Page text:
Dec 28 2012
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Today’s Issues, Tomorrow’s Opportunities

Jean Giddens, PhD, RN FAAN, is professor & executive dean at the College of Nursing, University of New Mexico and a Robert Wood Johnson Foundation Executive Nurse Fellow. This post is part of the "Health Care in 2013" series.

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The beginning of every year often serves as a time to reflect on events from the previous year, to consider opportunities that lie ahead, and make resolutions for things one wishes to accomplish.  As an educator, my New Year’s resolution for the United States health care system is to work toward a more efficient system for educating nurses. 

Nursing education represents a critical link among many efforts to improve the nation’s health care.  Our education system currently lacks the capacity to meet the current and future workforce demands, particularly in rural states.  Goals such as increasing workforce diversity, creating resource efficiency in education processes (particularly for advanced practice nursing education), and enhancing education systems leading to a more educated workforce are among the highest priorities for action in 2013.

Many of these goals are clearly reflected in the recommendations proposed by the Institute of Medicine in the Future of Nursing, Leading Change, Advancing Health, published in 2010.  The national Campaign for Action has provided incentives for state Action Coalitions for this work, such as the Academic Progression in Nursing (APIN) grants, funded by the Robert Wood Johnson Foundation. Nine states, including my home state of New Mexico, recently received APIN funding to work on various projects that improve nursing education.

New Mexico’s project, known as the New Mexico Nursing Education Consortium specifically is working to increase diversity of nursing graduates and increase access to pre-licensure BSN education through university and community college partnerships and a statewide concept-based nursing curriculum.  With backing from the New Mexico Higher Education Department and the Governor’s office, all state-funded institutions in New Mexico that offer pre-licensure nursing education degrees are in various stages of curriculum adoption.  The long term benefits of such a plan are to increase graduate-prepared nurses who can serve in advanced practice, research, and faculty roles.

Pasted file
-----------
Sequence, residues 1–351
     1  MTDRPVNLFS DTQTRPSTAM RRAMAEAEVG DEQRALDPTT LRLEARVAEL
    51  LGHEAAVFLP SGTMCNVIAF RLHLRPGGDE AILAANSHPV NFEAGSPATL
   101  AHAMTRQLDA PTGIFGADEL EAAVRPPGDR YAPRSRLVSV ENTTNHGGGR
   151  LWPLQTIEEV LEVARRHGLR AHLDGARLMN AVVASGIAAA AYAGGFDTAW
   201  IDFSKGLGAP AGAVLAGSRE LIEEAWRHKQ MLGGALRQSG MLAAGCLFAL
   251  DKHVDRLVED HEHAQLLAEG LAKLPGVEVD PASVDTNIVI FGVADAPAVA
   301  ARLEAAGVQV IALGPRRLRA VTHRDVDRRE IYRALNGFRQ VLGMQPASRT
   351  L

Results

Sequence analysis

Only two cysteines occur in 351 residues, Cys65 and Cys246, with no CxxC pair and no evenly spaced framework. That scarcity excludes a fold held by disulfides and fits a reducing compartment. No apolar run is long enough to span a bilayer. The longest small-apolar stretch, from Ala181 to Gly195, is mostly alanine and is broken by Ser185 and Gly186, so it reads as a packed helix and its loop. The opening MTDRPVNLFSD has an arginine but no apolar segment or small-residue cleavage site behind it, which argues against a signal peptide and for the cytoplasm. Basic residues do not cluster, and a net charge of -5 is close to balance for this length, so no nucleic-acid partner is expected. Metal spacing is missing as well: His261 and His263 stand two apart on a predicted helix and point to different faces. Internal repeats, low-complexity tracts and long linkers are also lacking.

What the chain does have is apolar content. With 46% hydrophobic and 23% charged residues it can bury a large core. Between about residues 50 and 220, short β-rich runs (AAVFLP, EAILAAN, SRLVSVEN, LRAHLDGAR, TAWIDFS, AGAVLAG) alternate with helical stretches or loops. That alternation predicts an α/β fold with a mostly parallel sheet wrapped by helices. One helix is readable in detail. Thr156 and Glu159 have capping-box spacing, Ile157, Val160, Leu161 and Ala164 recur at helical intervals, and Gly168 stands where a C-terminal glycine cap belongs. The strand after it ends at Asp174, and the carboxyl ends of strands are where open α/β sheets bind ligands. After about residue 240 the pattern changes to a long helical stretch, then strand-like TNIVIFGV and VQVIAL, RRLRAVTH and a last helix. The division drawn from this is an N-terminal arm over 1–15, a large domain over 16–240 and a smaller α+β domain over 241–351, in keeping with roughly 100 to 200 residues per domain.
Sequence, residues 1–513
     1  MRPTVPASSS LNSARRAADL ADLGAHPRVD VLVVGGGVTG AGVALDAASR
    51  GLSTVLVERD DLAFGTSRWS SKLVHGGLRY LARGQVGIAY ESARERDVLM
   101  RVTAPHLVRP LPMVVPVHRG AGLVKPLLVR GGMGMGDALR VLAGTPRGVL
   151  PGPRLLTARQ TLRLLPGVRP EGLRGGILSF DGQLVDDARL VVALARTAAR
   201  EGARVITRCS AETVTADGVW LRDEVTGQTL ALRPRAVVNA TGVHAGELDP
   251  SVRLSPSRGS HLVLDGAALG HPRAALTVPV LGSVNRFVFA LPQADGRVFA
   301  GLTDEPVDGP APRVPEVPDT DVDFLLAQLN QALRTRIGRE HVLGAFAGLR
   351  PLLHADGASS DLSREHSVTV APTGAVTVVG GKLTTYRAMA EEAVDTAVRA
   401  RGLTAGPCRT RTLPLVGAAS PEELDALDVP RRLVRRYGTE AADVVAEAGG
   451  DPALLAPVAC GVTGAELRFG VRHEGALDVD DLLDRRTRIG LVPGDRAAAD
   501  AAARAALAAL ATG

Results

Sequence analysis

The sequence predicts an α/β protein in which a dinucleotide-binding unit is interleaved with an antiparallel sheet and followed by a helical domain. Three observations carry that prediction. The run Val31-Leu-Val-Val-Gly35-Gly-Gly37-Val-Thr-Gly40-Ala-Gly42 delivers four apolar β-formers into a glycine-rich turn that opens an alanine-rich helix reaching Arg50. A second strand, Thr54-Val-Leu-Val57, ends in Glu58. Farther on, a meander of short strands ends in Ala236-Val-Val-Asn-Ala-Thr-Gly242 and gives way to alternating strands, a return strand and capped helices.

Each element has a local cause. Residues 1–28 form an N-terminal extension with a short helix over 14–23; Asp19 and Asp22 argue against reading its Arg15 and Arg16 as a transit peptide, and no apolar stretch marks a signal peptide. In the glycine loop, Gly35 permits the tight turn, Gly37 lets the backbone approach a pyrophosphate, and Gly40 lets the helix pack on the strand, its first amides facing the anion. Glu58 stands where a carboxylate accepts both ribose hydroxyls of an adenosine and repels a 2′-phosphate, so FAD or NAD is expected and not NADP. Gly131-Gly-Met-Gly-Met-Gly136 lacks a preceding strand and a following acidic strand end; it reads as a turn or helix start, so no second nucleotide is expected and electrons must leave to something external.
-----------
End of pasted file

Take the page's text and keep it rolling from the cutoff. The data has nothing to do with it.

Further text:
Another priority for 2013 is to raise awareness of the need for new clinical education models for advanced nursing practice education. The predominant model involves the pairing of a student with a preceptor for a designated number of clinical hours. The current and future demand for nurse practitioners far outstrip the collective ability of nursing programs across the country to meet the need.  One of the identified bottlenecks preventing a significant increase in enrollments in such programs is the lack of clinical sites and preceptors.  Innovative models must be explored that are resource efficient, sustainable, and lead to a graduate capable of providing high quality care in a health care environment that is becoming increasingly complex. 

New Year’s resolutions are usually made with the best of intentions; more often than not, they are quickly forgotten or abandoned as the excitement of the New Year wanes.  I challenge my fellow colleagues to keep priorities such as these in the forefront of thought and action.  By addressing issues such as these, nursing really can transform the quality of health care delivery!  

Learn more about the Robert Wood Johnson Foundation Executive Nurse Fellows program.

Tags: Executive Nurse Fellows, Health Care Education and Training, Health Care in 2013, Nurses and Nursing, Nursing, Voices from the Field